Towards Automatically Repairing Errors in Pythonand
Testing FAISS indexing on DiffSearch, and one bacher thesis on
Improving the Recall of Searching for Code Changes.
We extract 1.4 million type annotation changes from 9,655 Python repositories. Our results show that type annotations are clearly gaining traction, yet the large majority of code elements that could be annotated currently remains unannotated. We see a huge potential for techniques that automate the process of adding types into an existing code base, such as neural type prediction models. Finally, many developers seem to not regularly check their code for statically detectable type errors, or if they do, commit the code despite such errors.
We present a scalable and precise search engine for code changes. Given a query, the approach retrieves within seconds relevant examples from million code changes. Our query language extends the underlying programming language, providing an intuitive way of formulating queries to search for code changes. DiffSearch encodes both queries and code changes into a common feature space, enabling efficient retrieval of candidate search results. DiffSearch guarantees that every returned search result fits the query.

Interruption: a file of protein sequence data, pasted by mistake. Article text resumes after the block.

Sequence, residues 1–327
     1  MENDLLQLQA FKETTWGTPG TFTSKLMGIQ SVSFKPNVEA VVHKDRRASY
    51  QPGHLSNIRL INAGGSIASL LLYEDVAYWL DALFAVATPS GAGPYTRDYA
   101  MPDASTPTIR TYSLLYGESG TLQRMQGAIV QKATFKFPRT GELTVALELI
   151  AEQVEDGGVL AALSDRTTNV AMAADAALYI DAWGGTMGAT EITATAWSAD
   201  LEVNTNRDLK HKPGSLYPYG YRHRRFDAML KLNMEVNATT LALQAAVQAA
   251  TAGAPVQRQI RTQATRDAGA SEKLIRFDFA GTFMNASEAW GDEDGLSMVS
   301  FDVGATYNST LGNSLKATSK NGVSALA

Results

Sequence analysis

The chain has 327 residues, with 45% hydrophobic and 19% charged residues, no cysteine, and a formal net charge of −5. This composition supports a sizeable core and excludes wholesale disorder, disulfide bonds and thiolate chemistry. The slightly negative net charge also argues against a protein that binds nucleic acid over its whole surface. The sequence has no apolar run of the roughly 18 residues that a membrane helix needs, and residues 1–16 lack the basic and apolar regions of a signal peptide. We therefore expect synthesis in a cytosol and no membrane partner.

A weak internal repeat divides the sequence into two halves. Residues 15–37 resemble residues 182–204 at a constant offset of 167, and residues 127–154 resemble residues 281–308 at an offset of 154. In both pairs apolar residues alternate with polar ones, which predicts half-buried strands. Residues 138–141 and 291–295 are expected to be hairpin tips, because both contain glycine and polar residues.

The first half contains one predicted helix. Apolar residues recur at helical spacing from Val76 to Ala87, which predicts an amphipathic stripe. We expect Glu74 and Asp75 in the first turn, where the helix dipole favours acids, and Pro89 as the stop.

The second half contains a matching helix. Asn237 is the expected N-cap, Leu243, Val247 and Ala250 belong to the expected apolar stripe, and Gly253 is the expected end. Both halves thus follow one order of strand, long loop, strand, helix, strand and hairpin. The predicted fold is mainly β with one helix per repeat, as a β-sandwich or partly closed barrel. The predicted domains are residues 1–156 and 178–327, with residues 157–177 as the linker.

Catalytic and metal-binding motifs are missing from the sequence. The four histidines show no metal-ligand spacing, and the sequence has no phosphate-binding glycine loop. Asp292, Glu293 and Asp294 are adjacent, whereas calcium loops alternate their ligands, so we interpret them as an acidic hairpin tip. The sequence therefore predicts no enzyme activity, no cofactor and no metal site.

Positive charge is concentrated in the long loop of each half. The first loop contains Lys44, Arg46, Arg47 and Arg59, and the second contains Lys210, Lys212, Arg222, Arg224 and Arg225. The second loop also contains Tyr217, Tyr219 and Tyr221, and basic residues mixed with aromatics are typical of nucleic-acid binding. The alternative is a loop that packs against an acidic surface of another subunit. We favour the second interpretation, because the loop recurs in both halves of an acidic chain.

This article provides a comprehensive overview of 30 years of research on code search. Given the huge amounts of existing code, searching for specific code examples is a common activity during software development. We discuss what kinds of queries code search engines support, and give an overview of the main components used to retrieve suitable code examples. In particular, the article discusses techniques to pre-process and expand queries, approaches toward indexing and retrieving code, and ways of pruning and ranking search results.
The first part of this study focused on building the protein dataset using a simulation tool and performing feature extraction using novel geometrical descriptors. The second part involved in a classification of tubulin isotypes and a comparison of tubulin with the FtsZ protein.
This study proposes a novel quality function deployment (QFD) design methodology based on customers emotions conveyed by facial expressions. The current advances in pattern recognition related to face recognition techniques have fostered the cross-fertilization and pollination between this context and other fields, such as product design and human-computer interaction.